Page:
• Ownership of assets – the gym was an essential part of JCC’s business and it was not unreasonable for Yusoff to rely on the gym equipment provided by JCC;
  • Financial risks and earnings – Yusoff had an element of control over how much he earned as he designed the programmes with limited input from JCC; and
  • Comparative working arrangements and benefits – Yusoff’s working arrangements and lack of employment benefits as compared with those that applied to JCC’s other employees clearly indicated that the parties intended for Yusoff to be an independent contractor.

In view of, inter alia, the above factors, the High Court Judge found that the reality of the parties’ working relationship was not inconsistent with the parties’ express intentions for Yusoff to be an independent contractor, and there was no clear indication of the existence of an employment relationship.



The High Court Judge’s decision in the case of PP v JCC illustrates again that there will not be an exhaustive list of factors that will be taken into account by a Singapore court when deciding whether a person is an employee or an independent contractor. It would also not be possible to pre-assign relative weights to each of these factors as the weight of each factor would depend on the facts of each case. However, what can be gleaned from this decision is that the court would, in its analysis, give due regard to the parties’ intentions and working relationship.

It may be possible that the courts took into account the fact that the complainant did not take any action or made any complaints when his status was converted in 1998, and only sought to take action when he found out that JCC would cease operations in 2016.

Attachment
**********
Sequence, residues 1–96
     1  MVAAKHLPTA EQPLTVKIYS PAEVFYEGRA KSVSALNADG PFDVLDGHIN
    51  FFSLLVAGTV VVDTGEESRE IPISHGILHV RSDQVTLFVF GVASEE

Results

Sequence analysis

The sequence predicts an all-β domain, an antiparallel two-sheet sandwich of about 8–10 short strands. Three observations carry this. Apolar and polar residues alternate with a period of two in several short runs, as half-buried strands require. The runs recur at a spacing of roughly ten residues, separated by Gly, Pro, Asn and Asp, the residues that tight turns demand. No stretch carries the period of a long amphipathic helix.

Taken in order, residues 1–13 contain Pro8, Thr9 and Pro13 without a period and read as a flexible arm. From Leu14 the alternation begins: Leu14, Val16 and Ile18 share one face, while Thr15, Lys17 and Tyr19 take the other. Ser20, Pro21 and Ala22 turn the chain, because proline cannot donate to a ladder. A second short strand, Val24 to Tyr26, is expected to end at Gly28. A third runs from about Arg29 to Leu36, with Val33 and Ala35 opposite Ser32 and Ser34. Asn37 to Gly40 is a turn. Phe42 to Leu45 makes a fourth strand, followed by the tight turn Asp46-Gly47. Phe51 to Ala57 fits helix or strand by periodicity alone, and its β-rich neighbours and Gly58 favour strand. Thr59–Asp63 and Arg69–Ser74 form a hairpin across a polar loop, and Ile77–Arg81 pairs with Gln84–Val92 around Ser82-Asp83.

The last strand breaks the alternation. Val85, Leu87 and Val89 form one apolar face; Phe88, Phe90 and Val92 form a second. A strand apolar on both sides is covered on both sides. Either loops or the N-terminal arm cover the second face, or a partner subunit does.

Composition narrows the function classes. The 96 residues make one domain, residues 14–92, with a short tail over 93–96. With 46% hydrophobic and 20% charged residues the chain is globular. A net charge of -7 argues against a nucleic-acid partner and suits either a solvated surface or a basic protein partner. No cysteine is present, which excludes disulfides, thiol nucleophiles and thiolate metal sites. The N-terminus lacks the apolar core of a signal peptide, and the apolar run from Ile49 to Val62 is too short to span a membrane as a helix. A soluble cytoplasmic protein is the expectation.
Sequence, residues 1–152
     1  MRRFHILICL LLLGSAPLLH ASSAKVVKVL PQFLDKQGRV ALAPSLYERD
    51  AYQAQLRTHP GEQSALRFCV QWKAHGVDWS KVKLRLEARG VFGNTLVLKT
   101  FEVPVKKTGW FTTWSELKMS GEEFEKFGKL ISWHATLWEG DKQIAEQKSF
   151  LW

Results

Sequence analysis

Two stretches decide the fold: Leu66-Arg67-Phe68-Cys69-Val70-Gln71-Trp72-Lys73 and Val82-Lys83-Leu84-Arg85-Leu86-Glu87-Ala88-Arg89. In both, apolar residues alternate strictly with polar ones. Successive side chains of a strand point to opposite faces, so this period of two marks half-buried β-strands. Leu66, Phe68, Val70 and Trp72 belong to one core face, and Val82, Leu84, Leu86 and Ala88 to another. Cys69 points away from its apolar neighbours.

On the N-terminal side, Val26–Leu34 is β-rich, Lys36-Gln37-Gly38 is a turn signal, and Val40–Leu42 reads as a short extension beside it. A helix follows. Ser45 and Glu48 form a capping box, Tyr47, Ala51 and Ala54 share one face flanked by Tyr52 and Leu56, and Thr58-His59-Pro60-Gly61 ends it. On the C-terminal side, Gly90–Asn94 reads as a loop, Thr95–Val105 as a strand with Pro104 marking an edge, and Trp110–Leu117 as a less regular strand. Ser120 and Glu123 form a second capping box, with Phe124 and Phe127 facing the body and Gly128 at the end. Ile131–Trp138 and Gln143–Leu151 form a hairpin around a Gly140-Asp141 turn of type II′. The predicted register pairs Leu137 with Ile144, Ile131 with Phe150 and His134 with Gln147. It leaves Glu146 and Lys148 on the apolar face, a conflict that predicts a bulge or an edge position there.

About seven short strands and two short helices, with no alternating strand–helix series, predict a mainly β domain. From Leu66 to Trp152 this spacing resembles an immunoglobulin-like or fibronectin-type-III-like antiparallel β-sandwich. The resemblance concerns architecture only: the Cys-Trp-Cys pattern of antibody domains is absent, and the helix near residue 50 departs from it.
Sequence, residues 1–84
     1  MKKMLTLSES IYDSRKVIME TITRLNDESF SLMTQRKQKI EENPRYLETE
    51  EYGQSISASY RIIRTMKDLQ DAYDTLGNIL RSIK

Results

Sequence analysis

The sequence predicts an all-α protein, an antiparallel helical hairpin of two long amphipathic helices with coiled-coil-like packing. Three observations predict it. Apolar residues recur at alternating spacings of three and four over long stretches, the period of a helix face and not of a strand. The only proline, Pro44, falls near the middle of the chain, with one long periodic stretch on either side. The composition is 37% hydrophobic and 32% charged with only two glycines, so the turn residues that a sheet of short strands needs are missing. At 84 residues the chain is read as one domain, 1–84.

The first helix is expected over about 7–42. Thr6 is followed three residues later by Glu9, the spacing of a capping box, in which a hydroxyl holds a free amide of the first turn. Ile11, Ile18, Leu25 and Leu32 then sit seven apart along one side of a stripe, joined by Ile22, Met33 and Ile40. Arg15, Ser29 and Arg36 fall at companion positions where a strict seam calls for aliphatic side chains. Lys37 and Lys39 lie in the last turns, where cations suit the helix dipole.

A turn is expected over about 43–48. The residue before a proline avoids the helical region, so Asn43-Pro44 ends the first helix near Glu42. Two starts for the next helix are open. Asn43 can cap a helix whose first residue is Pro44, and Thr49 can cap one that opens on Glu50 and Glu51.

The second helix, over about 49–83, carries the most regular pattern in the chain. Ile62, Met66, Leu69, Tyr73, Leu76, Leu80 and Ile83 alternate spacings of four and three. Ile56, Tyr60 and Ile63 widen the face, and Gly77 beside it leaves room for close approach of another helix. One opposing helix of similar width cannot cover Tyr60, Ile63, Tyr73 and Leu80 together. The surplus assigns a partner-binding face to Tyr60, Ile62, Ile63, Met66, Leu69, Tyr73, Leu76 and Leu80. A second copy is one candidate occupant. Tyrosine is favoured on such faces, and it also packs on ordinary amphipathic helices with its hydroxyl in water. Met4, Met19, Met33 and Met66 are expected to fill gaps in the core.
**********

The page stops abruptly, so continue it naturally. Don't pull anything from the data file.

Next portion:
In view of the above, employers may wish to put in place measures to clearly evidence parties’ relationship as independent contractors, and not as employees if that is the intention. One way is to ensure that such intention is clearly set out in the contract and reflected in actual working arrangements. For example, the employer may make a distinction in the different benefits conferred and levels of control imposed on its employees and independent contractors.


This update is provided to you for general information and should not be relied upon as legal advice. 


CNPLaw’s Labour and Employment Lawyer

Pradeep Kumar Singh Admin Partner at CNPLaw

Senior Partner

    Pradeep acts for corporations, whether they are private or listed companies, on all aspects of their business including advice and drafting of documentation on investments, joint ventures, mergers and acquisitions and restructurings. Pradeep is “Recommended” by The Legal 500 Asia Pacific 2021 and is rated as a “Highly Regarded” lawyer by IFLR1000 Thirtieth Edition.

    Wong Pei Ling Senior Legal Associate at CNPLaw LLP image


      Pei-Ling has over 23 years of legal experience and has advised clients with Malaysian and Singaporean interests on their cross-border transactions, joint ventures, investments, commercial and technology agreements. Pei-Ling is recognised as a recommended lawyer for Banking and Finance by the Legal 500 Asia Pacific for 2021.

      Marvin Chua Legal Associate at CNPLaw LLP image

        Senior Associate
        Marvin is a Senior Associate in the Corporate Advisory team. His main areas of practice include corporate advisory and general employment matters. Marvin is recognised as a Lexology Legal Influencer for employment within the Asia Pacific Region in quarter four of 2020. Read the employment articles written by Marvin by clicking on the link below.

        Employment issues are of fundamental concern to both individuals and corporations alike. This is especially so given the growing emphasis on human capital development across the world. Such issues involve an intricate interplay between commercial objectives and normative considerations. Here at CNPLaw, our lawyers strive to help our clients find the balance required to nurture a positive working environment. We advise both employers and employees (whether local or foreign) on the areas below.